"Fresh" is an odd synthesis of miracle and atrocity. It comes in two halves: The first is a formal work of empathetic anthropology that takes us places we've never been and makes us care about people we've never met, and the second is a fairly routine vendetta picture, crass, manipulative and unbelievable.
As imagined by writer-director Boaz Yakin, Fresh (Sean Nelson) is a wild boy of the streets, an amalgam of angelic innocence and drop-dead, lion-eyed smarts. He's been born to the life in an urban jungle, and with his high-IQ-propelled quick take on things, has made himself invaluable to the powers that run the 'hood. His is a life of hustling, drug dealing, rapid calculation of odds, leverage and instinct. He has a taste of nearly every scam that's going down.
However Yakin, who is white, has learned of such doings, he has learned them well. He makes us feel we're in the cribs and crack factories and makes us feel we're eavesdropping as the dealers enter a mercantile tradition more daunting than the diamond trade, putting together complex financial transactions while maintaining a network of treaties more extensive than the Balkans before World War I.
In fact, one of the amazing discoveries "Fresh" offers is that far from the Dodge City my-gun-is-quick image of the inner city, it's actually a place of morally aberrant but nevertheless sophisticated rules of engagement; codicils cover everything, and life, more than gunbattle after gunbattle, is a process of negotiation.
There's no better player in this world than Fresh, who is shrewdly observant and knows exactly when to show and when to fold, particularly as he delicately maneuvers between the three competing drug organizations that occupy the neighborhood. Think of him as a Metternich without portfolio on the mean streets, representing a nation of two -- himself and his sister (N'Bushe Wright, who is being kept by a drug dealer).
What's so astringent about all this is that through it all, Fresh remains a little boy -- he's 12. He has room in his complex heart to begin a fumbling courtship with a young woman, he works hard to keep his studies up, he loves TV, he tries to be a good child in the home where he lives, with his aunt and 11 cousins.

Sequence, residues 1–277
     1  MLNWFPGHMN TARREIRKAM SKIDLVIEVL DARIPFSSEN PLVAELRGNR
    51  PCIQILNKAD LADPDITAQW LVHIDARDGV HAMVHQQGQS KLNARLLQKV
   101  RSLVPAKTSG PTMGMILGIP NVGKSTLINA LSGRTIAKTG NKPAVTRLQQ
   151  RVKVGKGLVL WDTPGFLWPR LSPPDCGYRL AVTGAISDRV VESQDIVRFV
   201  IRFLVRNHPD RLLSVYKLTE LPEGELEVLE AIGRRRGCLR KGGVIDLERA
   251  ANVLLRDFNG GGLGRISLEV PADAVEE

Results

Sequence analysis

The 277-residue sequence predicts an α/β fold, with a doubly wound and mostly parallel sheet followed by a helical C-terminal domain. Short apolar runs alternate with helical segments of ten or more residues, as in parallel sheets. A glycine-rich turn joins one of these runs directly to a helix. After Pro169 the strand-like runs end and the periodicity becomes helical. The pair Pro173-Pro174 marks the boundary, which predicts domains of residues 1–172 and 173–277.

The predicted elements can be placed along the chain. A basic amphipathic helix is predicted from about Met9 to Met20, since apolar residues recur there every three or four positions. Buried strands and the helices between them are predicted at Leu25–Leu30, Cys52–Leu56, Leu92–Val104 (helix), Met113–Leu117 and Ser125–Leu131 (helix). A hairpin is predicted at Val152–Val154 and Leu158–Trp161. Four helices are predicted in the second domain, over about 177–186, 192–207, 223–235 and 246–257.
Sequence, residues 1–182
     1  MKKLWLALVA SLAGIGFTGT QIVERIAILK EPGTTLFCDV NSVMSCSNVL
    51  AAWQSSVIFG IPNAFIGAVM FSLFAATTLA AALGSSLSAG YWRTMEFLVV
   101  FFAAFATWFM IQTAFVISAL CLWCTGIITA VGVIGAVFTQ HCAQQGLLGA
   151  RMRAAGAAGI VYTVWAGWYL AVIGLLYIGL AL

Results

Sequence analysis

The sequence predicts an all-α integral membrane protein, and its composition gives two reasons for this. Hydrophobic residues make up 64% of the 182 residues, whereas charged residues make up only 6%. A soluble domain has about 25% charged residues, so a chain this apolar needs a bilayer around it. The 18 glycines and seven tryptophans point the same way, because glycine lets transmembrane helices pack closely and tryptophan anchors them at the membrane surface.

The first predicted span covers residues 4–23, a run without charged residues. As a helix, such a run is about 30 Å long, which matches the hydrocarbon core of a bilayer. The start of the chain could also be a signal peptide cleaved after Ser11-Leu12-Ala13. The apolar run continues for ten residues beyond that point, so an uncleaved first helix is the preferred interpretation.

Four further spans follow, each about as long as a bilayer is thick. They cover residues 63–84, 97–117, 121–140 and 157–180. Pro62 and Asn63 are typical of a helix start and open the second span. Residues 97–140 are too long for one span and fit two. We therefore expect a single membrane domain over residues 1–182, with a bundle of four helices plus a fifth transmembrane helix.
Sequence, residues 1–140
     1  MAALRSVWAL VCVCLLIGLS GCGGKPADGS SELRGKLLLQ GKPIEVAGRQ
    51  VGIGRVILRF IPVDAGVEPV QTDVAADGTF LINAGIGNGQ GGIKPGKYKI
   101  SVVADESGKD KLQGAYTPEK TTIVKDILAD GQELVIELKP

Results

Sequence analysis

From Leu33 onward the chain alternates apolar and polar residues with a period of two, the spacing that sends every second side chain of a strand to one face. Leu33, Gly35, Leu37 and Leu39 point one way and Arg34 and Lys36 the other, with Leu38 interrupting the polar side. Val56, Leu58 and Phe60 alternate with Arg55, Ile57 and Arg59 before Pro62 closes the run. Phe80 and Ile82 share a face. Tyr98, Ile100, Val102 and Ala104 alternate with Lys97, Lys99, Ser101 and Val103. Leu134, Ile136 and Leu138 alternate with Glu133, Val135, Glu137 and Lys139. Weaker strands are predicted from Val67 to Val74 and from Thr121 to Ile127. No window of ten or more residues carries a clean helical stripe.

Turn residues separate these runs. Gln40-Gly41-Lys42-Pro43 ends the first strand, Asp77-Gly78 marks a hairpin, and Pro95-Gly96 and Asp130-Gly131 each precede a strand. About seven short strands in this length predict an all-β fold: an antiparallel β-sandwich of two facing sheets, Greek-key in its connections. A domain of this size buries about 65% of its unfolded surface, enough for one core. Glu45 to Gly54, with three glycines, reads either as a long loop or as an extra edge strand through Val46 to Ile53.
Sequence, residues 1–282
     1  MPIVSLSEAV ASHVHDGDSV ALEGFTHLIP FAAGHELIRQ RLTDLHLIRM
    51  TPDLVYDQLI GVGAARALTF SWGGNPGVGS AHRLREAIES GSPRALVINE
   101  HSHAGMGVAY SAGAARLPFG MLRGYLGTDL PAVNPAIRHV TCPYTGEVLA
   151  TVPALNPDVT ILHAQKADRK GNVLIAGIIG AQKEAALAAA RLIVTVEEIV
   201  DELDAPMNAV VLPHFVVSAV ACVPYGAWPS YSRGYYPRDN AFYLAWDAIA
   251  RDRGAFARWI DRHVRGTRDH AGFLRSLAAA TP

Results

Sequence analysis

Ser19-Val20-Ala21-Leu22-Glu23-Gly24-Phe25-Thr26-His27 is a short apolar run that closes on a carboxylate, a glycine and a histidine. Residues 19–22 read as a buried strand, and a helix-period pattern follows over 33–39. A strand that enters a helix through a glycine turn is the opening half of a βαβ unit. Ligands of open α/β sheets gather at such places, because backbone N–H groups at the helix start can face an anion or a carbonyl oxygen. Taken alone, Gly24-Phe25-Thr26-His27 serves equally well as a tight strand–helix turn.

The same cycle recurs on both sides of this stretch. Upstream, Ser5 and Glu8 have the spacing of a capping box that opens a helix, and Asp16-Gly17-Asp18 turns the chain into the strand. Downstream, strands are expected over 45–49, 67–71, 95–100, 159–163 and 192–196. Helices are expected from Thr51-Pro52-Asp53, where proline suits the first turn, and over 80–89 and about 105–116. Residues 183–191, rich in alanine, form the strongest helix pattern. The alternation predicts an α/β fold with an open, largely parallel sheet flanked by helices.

It's a truly tragic image: a young man with so much who is so compartmentalized by the demands upon him, forced to be so many things. He's had to put aside childish things years before he should have, though in his heart of hearts, he clings to their shreds.
So far, so great. The movie, which won the 1994 Sundance Film Festival trophy award, really has a power and a wisdom to it far beyond even the best of the genre so far, the Hughes brothers' brilliant "Menace II Society." But one begins to suspect a melodramatic agenda when Fresh's final gift is factored in: It turns out that under the tutelage of his estranged but brilliant father (Samuel L. Jackson), he's a burgeoning speed-chess player.
This seems a bit much. To begin with, chess as metaphor for tactical thinking is a spy-novel trope that's been around since the last century, and it has an anachronistic feeling right off the top. It's something out of the works of John Buchan or Eric Ambler, but sure enough, Yakin uses it without irony as a straight analogue to the complex set of moves, countermoves that set up the movie's suddenly preposterous endgame. It feels rushed and sudden, rather than organic. It's an endgame without a gambit.
As Yakin has it, Fresh reaches a point where the dealers have too much: his sister, impunity from the law, the blood of the innocent on their hands, and no justice available (the police are clueless fools). So he sets out to bring them down, but lacking the killer's spirit, the carnage he unleashes is intellectual rather than bloody.
The end is as delicately plotted as anything in John le Carre. Fresh uses his chess gifts to engineer a triple coup, playing mob against mob and the police against them all. A sacrifice master, he coldly sets up one of his peers for assassination to advance his subtle plan. His best weapon is his youth. The gangsters -- Giancarlo Esposito is the most vivid -- cannot believe that behind that angelic face lurks the mind of a Colonel Karla of Red Intelligence or a Bobby Fischer of the gutters.
The movie's two instincts are at complete odds with each other. The first is to portray with compassion and understanding a young man of great gifts who is twisted by a cruel society into childhood's end. The second is to provide a rousing goose of vigilante justice more appropriate to the "Death Wish" films. How much better if Yakin had made up his mind; the movie wouldn't feel so split.
Starring Sean Nelson and Samuel L. Jackson
Directed by Boaz Yakin
Released by Miramax